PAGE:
Even if we sidestep, for a moment, the idea of presenting what is traditionally a bastion of male domination through the female prism, the sheer logistics of collating and curating the works of 54 artists from 11 countries across five continents and from practically every religious stripe, might send most mortals to drink or, at least, quiet desperation. Gugenheim says she had little idea of what she was letting herself in for when she set off on her Women of the Book odyssey a full nine years ago.
“When I first started it and I went to Yair Medina, who is doing all our reproductions – we are not showing the original works because the gallery is not equipped to have parchment, so all the work is being reproduced and Yair Medina is doing all that – he said, ‘Are you crazy?’ He said it was a totally insane idea, and it is the most amazing project I have ever come across.”
The nine-year collaboration presents contemporary visual commentary on the core text of the Jewish people, the Torah. Each of the artists presented her interpretation of one of the 54 Torah portions – from Bereishit to V’Zot Habracha. It has been a slow train steadily coming.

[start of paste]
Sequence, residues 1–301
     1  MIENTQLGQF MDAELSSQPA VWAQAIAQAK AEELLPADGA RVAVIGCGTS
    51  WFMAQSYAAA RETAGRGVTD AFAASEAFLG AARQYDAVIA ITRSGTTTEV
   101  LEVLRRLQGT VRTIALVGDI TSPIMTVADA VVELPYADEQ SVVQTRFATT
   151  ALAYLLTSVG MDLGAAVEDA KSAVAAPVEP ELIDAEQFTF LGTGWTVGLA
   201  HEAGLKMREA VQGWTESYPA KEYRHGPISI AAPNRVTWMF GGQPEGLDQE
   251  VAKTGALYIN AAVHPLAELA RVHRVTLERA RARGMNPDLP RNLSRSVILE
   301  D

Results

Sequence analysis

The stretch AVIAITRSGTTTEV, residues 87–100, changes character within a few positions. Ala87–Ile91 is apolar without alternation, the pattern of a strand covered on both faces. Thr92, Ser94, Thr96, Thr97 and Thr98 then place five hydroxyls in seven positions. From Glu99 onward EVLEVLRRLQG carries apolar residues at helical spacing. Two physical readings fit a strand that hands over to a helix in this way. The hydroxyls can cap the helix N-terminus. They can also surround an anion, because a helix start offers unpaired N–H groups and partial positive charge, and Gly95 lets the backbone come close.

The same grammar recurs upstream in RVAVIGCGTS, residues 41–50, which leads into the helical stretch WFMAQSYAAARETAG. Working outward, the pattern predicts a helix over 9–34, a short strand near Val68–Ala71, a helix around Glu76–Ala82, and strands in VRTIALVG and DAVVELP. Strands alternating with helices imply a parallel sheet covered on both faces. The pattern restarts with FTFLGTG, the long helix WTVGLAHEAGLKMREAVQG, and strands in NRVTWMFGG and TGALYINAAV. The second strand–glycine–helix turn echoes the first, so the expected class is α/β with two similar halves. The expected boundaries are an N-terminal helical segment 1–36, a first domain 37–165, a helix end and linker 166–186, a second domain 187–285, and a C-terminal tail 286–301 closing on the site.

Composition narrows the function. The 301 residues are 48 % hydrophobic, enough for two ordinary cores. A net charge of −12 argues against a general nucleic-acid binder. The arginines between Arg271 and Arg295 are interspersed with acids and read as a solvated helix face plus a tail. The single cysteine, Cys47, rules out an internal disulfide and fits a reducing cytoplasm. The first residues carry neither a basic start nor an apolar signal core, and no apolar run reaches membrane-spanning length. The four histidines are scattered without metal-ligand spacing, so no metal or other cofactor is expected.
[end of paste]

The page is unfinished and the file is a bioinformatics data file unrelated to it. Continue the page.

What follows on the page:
“There have been two sifrei Torah [Torah scrolls] and two children born since I started on this project,” Gugenheim notes. “The latter is, naturally, a joyful familial development, while the former represents religious endeavor which is still struggling to gain mainstream religious recognition.”
With her artistic background and street-level experience, Gugenheim is clearly the right person for the job.
The roster of artists Steinberg and Gugenheim recruited for the job makes for stellar reading. It includes 83-yearold American photorealism painter and sculpture pioneer Audrey Flack, and septuagenarian feminist artist and educator Ruth Weisberg of California, who says she is “particularly nourished by the history of art, the history of the Jewish people, and by the unwritten history of women.”
Others include US-born Israeli printmaker and multimedia artist Andi Arnovitz, as well as Judith Margolis, who says she uses her art and writing to explore “tensions between consciousness, feminism and religious ritual tradition.”
Meanwhile, Bombay-born, US-based Siona Benjamin will bring a touch of the subcontinent to the Jerusalem fray, and multidisciplinary artist Nehama Golan will express some of the deliberations she encountered during her process of traversing the secular-religious divide.
Gugenheim has been at the forefront of getting Jewish women’s artistic and traditional work out there for some time.